Among the accounts that have been taken down is the advocacy group Hands Off Our Children, a page which aims to protect minors from recruitment by extremists who entice youths to become combatants and fight the government.

Meanwhile, Malacañang has again questioned Facebook’s choice of fact-checkers— online news platforms Rappler and Vera Files— who are critical of the present administration.

Roque said the government is now contemplating on commissioning fact-checkers of social media platforms in the country similar to what other countries are doing.

“Pag-aaralan po natin kung dapat gawin natin iyan dahil di po tayo makakapayag na ang fact-checkers ay tanging mga laban lamang sa gobyerno [We will take that into consideration because that has to be done. We cannot allow that fact-checkers are only those who are all against the government],” Roque concluded. MNP (with reports from Rosalie Coz)

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Lacson, Sotto to Duterte: Don’t resign, just apply anti-graft laws to both friends, foes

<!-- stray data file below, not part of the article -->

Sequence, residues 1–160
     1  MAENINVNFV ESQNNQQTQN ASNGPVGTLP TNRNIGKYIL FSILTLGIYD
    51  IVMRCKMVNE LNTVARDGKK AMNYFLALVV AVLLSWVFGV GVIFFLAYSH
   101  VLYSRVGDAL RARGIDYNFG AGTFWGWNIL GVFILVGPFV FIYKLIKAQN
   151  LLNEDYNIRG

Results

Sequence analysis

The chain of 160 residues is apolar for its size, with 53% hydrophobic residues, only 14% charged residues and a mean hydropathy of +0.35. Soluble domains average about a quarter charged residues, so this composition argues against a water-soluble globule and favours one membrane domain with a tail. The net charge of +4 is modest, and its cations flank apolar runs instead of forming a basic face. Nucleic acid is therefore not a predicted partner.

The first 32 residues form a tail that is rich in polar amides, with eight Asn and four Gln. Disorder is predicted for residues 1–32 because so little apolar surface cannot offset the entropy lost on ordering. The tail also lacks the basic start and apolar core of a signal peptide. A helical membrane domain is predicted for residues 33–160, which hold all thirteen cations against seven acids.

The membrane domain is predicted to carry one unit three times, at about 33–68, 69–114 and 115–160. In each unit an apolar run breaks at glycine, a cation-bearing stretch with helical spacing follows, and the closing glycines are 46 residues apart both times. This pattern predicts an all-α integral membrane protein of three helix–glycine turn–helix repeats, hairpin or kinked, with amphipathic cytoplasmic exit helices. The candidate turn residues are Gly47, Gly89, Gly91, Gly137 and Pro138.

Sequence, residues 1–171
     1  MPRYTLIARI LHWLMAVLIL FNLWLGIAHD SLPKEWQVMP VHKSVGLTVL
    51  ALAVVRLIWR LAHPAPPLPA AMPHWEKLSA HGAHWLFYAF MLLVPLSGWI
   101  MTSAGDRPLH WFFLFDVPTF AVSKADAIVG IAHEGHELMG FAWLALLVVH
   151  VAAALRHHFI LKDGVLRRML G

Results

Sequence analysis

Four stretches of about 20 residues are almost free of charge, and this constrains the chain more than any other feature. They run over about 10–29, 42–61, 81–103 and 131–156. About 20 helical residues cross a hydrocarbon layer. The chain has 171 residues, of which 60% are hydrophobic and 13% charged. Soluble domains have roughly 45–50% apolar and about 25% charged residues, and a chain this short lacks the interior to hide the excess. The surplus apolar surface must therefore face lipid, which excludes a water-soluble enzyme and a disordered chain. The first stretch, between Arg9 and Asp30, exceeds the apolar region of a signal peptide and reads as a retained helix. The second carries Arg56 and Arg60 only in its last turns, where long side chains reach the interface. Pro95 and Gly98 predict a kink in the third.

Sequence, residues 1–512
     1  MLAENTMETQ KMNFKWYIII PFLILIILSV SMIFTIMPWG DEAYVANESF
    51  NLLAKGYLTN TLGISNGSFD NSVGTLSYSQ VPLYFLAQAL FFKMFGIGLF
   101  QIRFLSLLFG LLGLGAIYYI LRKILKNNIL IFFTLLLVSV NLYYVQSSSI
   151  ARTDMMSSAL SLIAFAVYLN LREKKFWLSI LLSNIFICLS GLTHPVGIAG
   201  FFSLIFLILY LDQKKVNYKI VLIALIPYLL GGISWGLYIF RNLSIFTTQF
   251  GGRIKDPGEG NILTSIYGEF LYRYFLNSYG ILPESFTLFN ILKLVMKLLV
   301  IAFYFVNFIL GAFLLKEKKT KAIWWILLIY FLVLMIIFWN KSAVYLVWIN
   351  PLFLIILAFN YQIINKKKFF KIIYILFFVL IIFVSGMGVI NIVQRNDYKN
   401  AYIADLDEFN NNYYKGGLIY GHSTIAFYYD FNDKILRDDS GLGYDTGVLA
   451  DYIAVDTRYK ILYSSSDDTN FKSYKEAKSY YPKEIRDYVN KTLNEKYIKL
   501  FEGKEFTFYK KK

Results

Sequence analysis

Robie de Guzman   •   September 29, 2020

MANILA, Phillippines – Senator Panfilo Lacson on Tuesday said that President Rodrigo Duterte should just implement the anti-graft laws to all violators instead of resigning if he wants to end corruption in the government.

READ: Duterte admits offering to resign over endless corruption in government

“Instead of resigning, the President only needs to be consistent in applying the anti-graft and corruption laws to both friends and foes,” Lacson said in a statement.

Lacson issued the statement after Duterte said he has offered to step down from office out of frustration over the rampant corruption in the country.